DORTMUND, Germany, April 12 (Reuters) - Singing, munching Bratwurst sausages and swilling beer, Borussia Dortmund fans put on a show of defiance on Wednesday as they poured into their home stadium for their match against AS Monaco, postponed after an attack on the team bus a day earlier.
But the sea of fans, decked out in the team’s black and yellow colours and accompanied by an increased police presence, could not quite shake off a feeling of shock after Tuesday’s attack in which Spanish defender Marc Bartra was injured.
“We’re down about what has happened,” said Christoph Lewe, 51, who had travelled from nearby Essen with his 12-year-old son, Alexander, to the Champions League match. “But we’ll be pleased if we win.”
Earlier, German authorities arrested a suspected Islamist in connection with what Chancellor Angela Merkel called the “despicable” attack on the bus, in which three explosions went off as the Dortmund players made their way to the stadium.
The chancellor, who takes a keen interest in the fortunes of Germany’s national soccer team, also praised Dortmund fans for taking in AS Monaco supporters overnight so they could stay on for the postponed match.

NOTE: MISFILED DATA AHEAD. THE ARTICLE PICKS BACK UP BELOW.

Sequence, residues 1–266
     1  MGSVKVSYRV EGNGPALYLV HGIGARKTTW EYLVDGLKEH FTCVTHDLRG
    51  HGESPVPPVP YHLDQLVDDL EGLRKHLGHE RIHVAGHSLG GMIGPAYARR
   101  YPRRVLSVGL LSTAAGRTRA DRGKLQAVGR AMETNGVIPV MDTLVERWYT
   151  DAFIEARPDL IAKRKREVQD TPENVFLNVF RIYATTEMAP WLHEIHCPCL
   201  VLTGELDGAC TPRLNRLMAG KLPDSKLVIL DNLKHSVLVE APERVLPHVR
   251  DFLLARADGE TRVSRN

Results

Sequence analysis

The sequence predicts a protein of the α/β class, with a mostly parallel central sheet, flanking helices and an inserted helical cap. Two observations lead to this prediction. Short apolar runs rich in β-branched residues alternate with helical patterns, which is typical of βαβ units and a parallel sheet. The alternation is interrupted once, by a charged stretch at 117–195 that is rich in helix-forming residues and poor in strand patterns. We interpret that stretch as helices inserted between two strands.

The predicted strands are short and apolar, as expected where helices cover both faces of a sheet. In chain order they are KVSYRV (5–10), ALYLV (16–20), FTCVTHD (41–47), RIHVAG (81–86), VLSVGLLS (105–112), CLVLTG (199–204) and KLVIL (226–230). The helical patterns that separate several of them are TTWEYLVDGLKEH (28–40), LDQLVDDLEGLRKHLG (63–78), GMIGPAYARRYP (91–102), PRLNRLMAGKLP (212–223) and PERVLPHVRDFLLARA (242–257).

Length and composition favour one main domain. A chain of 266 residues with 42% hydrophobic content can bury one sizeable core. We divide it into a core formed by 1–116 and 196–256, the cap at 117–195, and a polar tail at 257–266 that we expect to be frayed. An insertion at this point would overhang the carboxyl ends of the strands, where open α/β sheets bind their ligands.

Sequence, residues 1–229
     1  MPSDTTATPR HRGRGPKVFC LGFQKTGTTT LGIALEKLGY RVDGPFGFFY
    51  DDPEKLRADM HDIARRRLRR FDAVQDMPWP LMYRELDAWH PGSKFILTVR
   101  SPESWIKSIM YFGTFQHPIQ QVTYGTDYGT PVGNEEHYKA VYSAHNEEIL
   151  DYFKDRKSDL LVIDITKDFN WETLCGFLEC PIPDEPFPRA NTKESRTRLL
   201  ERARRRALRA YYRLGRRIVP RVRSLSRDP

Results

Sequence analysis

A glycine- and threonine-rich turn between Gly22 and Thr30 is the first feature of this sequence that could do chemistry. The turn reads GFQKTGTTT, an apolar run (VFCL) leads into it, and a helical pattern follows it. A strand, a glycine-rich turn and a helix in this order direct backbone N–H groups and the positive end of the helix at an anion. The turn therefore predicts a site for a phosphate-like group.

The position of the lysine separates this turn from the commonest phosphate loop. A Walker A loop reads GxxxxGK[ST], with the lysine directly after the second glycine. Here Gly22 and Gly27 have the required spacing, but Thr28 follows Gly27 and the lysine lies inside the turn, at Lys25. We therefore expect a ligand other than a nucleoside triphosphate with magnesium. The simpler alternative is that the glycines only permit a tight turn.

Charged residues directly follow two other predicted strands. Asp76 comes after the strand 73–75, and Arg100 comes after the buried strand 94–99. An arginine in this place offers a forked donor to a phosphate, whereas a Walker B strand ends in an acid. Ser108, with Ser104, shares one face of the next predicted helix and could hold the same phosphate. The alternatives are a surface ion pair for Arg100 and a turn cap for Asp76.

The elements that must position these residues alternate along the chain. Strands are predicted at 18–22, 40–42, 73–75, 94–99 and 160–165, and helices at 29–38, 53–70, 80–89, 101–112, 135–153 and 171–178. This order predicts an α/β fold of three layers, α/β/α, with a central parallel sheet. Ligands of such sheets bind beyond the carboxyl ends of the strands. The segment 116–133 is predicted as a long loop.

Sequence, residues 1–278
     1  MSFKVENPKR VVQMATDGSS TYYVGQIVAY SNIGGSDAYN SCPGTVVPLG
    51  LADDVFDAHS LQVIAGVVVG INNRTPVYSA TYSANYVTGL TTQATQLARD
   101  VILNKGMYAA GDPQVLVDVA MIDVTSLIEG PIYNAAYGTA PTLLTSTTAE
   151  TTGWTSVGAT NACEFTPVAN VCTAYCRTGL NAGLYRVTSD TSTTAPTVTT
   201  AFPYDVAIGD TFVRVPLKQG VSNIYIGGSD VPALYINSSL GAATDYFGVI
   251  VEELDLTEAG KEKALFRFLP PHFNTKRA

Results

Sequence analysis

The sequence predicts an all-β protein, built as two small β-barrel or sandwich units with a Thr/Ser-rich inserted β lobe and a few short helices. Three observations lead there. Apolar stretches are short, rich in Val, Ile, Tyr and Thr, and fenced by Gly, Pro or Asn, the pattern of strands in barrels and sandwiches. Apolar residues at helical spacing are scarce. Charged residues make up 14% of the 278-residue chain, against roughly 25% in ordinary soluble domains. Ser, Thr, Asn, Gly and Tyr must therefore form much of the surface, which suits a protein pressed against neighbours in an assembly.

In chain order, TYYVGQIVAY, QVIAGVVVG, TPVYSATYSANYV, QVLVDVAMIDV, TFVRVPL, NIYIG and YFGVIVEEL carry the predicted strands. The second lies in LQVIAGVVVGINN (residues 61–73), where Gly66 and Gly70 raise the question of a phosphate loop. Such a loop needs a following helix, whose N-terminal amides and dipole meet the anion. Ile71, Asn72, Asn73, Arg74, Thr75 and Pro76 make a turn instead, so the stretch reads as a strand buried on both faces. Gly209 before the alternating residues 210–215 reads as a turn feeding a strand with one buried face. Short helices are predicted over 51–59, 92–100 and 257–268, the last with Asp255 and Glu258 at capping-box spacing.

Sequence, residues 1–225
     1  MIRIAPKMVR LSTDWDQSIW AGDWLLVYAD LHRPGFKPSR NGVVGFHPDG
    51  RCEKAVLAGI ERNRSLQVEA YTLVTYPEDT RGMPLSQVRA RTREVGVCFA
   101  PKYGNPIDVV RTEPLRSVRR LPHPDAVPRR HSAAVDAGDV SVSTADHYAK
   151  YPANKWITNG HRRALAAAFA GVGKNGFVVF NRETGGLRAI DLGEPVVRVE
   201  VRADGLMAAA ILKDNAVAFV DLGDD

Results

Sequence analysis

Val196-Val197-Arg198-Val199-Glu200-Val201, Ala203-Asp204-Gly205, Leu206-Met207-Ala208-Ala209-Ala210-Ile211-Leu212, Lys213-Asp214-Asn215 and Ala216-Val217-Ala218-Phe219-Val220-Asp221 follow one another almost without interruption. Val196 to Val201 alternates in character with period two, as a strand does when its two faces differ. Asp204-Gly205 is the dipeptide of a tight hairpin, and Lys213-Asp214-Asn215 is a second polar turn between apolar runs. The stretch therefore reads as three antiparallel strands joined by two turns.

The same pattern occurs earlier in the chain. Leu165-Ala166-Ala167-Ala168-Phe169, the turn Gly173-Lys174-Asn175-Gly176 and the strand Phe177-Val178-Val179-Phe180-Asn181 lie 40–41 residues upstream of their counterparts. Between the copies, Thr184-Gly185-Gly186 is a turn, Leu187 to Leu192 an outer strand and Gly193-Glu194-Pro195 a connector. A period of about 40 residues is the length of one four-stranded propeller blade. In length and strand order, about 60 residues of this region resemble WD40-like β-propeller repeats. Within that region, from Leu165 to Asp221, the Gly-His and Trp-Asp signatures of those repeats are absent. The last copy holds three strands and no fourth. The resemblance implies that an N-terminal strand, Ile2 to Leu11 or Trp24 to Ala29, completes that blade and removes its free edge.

The solidarity prevailed as the two teams entered the stadium and prepared for the quarter-final match, with fans from the two teams drinking together and hugging each other.
“We’re not just playing tonight for ourselves. We’re playing for everyone!” Borussia Dortmund’s managing director Hans-Joachim Watzke said in a tweet.
Inside the stadium, the Dortmund team warmed up wearing shirts bearing a picture of Bartra, who earlier said he was “doing much better” after surgery on a wrist injury sustained in the blasts.
Police, who banned backpacks from the Dortmund stadium, stepped up security for the rescheduled match and for a second Champions League quarter-final between Bayern Munich and Real Madrid.
Some fans of AS Monaco, which neighbours the southern French city of Nice where 86 people were killed in an Islamist attack last summer, were more relaxed than Dortmund supporters.
“In France, we know this,” said Monaco supporter Pierre Calmon, 50, from Toulouse, who was attending the match with his son, 16-year-old Thomas. “We are pleased to spend another day in Germany.”
Earlier, a spokeswoman for the Federal Prosecutor’s Office, which handles probes into suspected terrorism, said the explosive devices had contained strips of metal.
Spokeswoman Frauke Koehler said investigators had found three letters near the scene, all with the same content suggesting a possible Islamist motive.
Writing by Paul Carrel; Editing by Angus MacSwan